America’s freedoms compromised too often

In the spirit of the holiday, we pursue the answer to a simple question: Could our forefathers possibly have envisioned the America that exists in 2010, where independence is thwarted at virtually every turn?

Could they have foreseen the long lines at airports brought on by security checks? Or the invasive full-body scanners that detail imagery best shared inside one’s bedroom?

Could they have anticipated random roadblocks hunting for people who choose not to use seat belts or dare have a drink at some point in the day?

Could they have dreamed of a time when parents discouraged children from wandering their neighborhood in search of recreation because of the potential risks of straying too far from home?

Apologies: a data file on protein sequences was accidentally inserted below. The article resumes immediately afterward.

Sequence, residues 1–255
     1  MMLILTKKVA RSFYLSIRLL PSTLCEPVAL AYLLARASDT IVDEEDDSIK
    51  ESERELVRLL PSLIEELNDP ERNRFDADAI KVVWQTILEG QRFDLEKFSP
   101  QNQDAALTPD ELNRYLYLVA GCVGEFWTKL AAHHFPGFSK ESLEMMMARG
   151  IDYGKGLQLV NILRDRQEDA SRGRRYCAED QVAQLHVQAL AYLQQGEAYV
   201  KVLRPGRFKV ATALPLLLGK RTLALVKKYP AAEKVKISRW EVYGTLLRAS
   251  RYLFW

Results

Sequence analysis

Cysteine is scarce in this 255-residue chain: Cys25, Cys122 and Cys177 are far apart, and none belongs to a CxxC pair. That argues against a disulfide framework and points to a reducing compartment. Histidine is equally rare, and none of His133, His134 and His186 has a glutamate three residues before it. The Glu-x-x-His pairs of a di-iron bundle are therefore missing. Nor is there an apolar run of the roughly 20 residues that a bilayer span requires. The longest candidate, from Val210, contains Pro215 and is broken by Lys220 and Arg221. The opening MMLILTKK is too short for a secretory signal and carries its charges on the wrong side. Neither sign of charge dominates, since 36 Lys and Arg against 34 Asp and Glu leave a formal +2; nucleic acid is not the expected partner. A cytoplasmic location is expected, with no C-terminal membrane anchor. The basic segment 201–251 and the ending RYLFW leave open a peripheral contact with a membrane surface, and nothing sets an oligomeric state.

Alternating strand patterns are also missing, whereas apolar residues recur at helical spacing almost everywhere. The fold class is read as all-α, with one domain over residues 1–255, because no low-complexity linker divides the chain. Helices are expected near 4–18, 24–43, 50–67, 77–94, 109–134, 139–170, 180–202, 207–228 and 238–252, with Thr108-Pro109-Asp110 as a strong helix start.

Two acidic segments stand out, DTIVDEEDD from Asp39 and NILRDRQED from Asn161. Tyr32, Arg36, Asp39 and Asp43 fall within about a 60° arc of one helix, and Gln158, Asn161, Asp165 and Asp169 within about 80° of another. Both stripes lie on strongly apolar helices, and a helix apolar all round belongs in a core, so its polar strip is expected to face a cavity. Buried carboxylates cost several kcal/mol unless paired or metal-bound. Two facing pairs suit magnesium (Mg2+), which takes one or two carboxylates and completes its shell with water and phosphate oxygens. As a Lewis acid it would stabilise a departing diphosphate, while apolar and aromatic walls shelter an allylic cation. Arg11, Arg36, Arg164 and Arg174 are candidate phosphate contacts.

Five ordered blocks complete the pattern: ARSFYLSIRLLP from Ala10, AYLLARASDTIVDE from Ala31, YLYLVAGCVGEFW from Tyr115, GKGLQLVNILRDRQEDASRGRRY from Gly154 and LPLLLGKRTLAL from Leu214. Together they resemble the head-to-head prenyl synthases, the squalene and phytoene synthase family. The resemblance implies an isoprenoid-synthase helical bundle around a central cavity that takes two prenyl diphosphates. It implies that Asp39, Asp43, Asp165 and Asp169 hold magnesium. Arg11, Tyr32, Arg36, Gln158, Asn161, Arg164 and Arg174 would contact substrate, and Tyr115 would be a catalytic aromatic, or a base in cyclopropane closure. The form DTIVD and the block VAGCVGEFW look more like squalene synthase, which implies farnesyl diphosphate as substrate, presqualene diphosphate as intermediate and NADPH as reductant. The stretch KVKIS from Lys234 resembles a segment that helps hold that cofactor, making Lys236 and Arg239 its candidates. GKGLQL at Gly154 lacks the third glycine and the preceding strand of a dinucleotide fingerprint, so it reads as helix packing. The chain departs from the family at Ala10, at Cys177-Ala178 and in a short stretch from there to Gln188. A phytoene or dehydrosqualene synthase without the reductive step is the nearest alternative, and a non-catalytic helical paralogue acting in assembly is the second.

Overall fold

Could they have imagined government that could have become so inept and overbearing so as to hamstring several generations of Americans, either by depriving them of livelihood through taxation or by overdependence on welfare?

Could they have imagined the American military entering upon the soil of other sovereign nations in quests to influence democracy?

Could they have imagined a country so bound by regulations so unwieldy that no one truly understands their extent or content?

The answers, of course, are all no. No one in 1776 could have imagined anything that was going on in 2010. Not even Thomas Jefferson was so prescient.

Which leads us to our point. America, still the greatest democracy on earth, has a long way to go to improve on freedoms of its countrymen. Even with the best of intentions, every time we enact new laws, act on new concerns or attempt to save ourselves from the unknown, we manage to restrict our liberties a little bit more.

How odd it is that those founding fathers, in their brave struggle for independence, set in motion a chain of events by which the country, but not necessarily its residents, escaped suppression.